It opened up new views of the Maldives to me. The story of how they were fighting off sea level rise was a familiar one to me – I even had worked on a project at university in the 1980s exploring the various options. My solutions there had been rather clunky – using material from the inside of the atolls to build up the outside, more sea defences, different land uses. Now I was here I could see that all of these had been tried and more. But my view was that every island was the same and uniformly affected by sea level rise. What I now saw was that while there was that inexorable pathway to submergence from sea level rise, the short term effects of that were affecting one side of the island more than the other. Having a small amount of rise might not impact the coast, but if a storm came in, the accumulation of larger waves on top of an incremental change in normal levels could be devastating for a vulnerable coastline. And that is what I had seen on the eastern side of the island. When the sea is benign there is not issue, but if a storm hits serious erosion can happen overnight – especially if trees topple and the loss of roots shakes free lots of sand and soil.
But what appeared to be happening is the island is migrating. Much of the material that was removed from the east was migrating round to the west, and the island is gently moving towards the centre of the atoll.
The long term dynamics must be more complicated that this and it might take many generations for the island to move a long way, but it was undeniable that most of the slack, the dune and the beach were relatively recent additions to the coral island. The upshot is though that given the small size of these islands and some with a high population density, there is not enough room for leaving the usual setbacks that minimize damage to property in storms.
Is the island stable, eroding or migrating?
We started out survey by walking clockwise round the island. By my calculations the coast was no more than 3km but it was not all Bounty adverts and beauty calendars. There were some nice sandy stretches true, but the first part in particular was sharp knobbly coral rock and rubble. We logged all the features we could see. Any jetties (that might potentially clog up the natural dynamics of the sand on the beach), bits of sea defence, walls, sewage pipes.
As we started moving away from the eastern shore the beach was more settled. We saw a lot more sand and the water itself was calmer and less damaging. Not only were the palm trees protected, but other trees hung down into the water, or grew in the sand itself. We started to see some mangroves. In front of us was a long stand of mangroves then a substantial channel on the sand, with a small coral island beyond, covered in vegetation. I was going to be the good surveyor and make sure I walked the entire coastline, so I decided to wade through the channel. I took off my shoes and socks and placed them in my bag, then I carefully unzipped my trousers. Let me explain. I was wearing long field trousers, partly since I knew with the meeting we had to be semi-formally dressed. But they had zips just above the knees where I could take off the lower legs and convert them to shorts. I placed these leg-ins in my bag then took my wallet, handkerchief, hotel room key and placed them deep in my knapsack. I patted these top pockets to make sure they were empty, then zipped up my bag and placed it high on my back. With GPS in hand I wandered round the mangrove, leaving my colleagues and the village heads walking round the back.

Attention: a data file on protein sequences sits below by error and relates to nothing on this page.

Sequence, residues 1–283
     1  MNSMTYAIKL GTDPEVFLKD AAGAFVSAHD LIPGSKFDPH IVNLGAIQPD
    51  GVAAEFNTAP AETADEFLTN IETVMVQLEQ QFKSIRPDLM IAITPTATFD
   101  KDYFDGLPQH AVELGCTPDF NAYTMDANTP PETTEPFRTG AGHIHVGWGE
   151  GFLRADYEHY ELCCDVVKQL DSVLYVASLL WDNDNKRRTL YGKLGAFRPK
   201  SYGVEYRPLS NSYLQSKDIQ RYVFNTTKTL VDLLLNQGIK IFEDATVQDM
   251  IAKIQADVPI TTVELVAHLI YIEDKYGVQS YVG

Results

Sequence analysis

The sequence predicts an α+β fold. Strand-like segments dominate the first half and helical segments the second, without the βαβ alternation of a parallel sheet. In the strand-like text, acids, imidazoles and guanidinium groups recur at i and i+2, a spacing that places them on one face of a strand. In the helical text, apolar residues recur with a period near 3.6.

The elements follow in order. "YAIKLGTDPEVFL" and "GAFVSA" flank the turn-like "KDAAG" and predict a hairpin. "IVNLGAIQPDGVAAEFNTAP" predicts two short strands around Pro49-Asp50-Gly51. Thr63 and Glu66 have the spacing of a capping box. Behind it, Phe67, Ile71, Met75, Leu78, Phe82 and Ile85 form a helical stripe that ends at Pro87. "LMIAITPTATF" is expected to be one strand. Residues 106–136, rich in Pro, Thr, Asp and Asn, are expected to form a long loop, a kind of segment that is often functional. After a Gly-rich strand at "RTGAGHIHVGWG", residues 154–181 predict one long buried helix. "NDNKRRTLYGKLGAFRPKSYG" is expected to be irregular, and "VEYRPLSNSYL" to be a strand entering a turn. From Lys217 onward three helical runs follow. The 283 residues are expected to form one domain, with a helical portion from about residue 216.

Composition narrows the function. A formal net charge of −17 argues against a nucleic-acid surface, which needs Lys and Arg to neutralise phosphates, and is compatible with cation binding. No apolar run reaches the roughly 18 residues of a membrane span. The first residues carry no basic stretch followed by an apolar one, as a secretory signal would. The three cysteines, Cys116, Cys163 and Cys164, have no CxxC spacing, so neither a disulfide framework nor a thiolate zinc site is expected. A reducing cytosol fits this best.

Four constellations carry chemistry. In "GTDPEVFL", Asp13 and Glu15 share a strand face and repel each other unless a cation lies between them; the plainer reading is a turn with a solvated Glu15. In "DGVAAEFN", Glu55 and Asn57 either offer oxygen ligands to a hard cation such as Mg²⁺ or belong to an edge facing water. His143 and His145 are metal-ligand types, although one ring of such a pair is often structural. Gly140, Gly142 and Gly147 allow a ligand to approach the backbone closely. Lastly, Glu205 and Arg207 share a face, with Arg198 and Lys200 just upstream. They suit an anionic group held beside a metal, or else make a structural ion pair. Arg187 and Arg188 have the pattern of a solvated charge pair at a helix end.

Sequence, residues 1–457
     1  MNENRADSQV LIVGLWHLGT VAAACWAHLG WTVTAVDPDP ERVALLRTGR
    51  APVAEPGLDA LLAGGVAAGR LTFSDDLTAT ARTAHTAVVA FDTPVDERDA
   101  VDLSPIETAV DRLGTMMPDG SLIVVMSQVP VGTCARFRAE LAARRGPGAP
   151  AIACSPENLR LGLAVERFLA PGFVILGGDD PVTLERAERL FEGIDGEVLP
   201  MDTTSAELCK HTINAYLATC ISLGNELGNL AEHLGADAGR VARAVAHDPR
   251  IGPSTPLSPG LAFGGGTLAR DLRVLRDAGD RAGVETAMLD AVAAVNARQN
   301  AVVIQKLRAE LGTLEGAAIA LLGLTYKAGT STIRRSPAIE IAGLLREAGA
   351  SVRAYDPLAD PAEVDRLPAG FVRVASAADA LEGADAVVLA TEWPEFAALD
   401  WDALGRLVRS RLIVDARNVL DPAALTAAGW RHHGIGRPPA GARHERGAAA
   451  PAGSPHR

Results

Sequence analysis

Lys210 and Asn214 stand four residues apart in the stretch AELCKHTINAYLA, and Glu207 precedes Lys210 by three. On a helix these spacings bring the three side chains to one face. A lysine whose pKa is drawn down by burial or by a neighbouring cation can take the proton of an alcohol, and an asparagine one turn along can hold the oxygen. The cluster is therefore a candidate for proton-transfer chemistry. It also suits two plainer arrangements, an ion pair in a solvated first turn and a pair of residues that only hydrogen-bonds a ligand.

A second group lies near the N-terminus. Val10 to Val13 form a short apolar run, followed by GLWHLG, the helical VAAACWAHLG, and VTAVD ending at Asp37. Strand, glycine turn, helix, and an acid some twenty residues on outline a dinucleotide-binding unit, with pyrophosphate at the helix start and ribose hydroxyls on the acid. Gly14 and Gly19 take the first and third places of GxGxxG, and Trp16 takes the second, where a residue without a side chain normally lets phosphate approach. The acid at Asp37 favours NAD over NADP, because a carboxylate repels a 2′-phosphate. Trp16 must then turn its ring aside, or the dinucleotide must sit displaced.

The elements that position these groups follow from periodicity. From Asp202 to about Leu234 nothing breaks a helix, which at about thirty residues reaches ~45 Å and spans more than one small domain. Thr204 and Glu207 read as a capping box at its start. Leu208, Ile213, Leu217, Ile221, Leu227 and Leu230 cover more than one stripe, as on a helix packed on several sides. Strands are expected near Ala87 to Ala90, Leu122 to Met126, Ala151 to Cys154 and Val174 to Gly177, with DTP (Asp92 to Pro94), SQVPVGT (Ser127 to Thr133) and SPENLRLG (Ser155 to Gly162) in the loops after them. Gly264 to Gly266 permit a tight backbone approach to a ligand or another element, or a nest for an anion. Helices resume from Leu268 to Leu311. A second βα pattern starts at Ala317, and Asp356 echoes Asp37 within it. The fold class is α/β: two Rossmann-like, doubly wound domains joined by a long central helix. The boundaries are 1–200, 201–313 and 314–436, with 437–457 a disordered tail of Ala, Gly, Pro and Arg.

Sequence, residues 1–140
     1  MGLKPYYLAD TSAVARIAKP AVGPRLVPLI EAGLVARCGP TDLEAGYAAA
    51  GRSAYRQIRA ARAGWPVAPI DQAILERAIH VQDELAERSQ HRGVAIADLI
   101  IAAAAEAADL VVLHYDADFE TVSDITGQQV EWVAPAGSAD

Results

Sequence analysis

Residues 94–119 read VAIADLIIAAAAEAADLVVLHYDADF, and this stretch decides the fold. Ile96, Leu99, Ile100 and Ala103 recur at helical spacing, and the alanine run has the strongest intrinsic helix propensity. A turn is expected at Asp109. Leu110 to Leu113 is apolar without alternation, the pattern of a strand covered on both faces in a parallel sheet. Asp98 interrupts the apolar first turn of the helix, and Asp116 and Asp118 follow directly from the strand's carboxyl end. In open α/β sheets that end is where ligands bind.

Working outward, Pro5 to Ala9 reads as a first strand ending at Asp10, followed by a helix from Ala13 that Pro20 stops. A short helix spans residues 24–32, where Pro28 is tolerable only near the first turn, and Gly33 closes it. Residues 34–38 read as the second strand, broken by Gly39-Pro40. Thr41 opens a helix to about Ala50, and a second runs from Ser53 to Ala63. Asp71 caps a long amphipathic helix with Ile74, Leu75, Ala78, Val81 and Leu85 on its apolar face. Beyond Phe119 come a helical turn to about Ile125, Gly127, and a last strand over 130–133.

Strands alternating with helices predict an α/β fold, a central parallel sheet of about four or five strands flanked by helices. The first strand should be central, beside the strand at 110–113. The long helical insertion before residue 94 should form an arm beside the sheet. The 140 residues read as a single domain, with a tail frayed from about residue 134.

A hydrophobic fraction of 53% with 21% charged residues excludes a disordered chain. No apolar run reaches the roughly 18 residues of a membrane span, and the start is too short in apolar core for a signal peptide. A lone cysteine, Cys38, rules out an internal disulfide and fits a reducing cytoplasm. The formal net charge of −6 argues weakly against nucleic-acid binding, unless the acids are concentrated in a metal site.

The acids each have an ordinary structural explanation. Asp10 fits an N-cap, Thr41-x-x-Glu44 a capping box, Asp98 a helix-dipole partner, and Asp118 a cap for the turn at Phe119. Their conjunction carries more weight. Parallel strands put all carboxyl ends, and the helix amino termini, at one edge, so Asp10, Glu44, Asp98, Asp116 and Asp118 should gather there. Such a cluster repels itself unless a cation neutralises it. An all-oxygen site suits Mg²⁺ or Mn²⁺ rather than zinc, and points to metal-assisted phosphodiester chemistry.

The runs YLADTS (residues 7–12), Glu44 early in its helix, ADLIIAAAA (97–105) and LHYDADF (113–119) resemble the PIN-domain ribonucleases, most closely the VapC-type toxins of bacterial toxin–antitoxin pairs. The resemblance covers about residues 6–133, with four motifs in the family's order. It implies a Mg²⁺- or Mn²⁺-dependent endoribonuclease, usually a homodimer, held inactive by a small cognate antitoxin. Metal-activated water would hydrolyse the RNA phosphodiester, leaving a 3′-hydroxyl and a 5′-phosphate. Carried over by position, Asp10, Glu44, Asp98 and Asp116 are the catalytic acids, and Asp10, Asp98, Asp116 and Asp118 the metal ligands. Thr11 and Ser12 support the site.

At first the water was shallow, but my feet sank slightly into the soft sand. But then as I came around into the channel itself the water level hit my knees. I realised that there was deeper to come and even my shorts would get wet, but hey ho, this is a warm climate – they will soon dry.
So I took one more step and sank up to the top of my thighs. I tried to keep my bag, notepad and GPS high above the water and was realising there was little to note here that I would not have seen from the bank, when I realised my left thigh was vibrating vigorously. I knew immediately what was causing it and I ran to the bank. I say ran, what it was really was a violent wade. Once out I dumped my bag on the dry sand and dug into the leg pocket of my shorts, retrieving a very wet looking mobile phone. It was still vibrating and making pitiful noises at me. I flipped it open and water trapped inside flushed out. The screen flashed a couple of times then went dark. I tried to turn it off but the vibrating went on. It was like watching the death throes of a small mammal. In a last ditch attempt to save it I ripped the back cover off and took out the battery. The vibration stopped. I reached into my bag for my handkerchief and wiped the battery down, then dabbed inside the phone casement and all round the screen and buttons. Maybe it was just the contacts that had got wet and now it would be OK. I gingerly put the battery back in and closed up the cover. With a deep breath I depressed the on button. Two seconds later the horrible vibration started over again. Then it stopped. Silence. My phone was dead.
On the beach – the phone died round the next corner….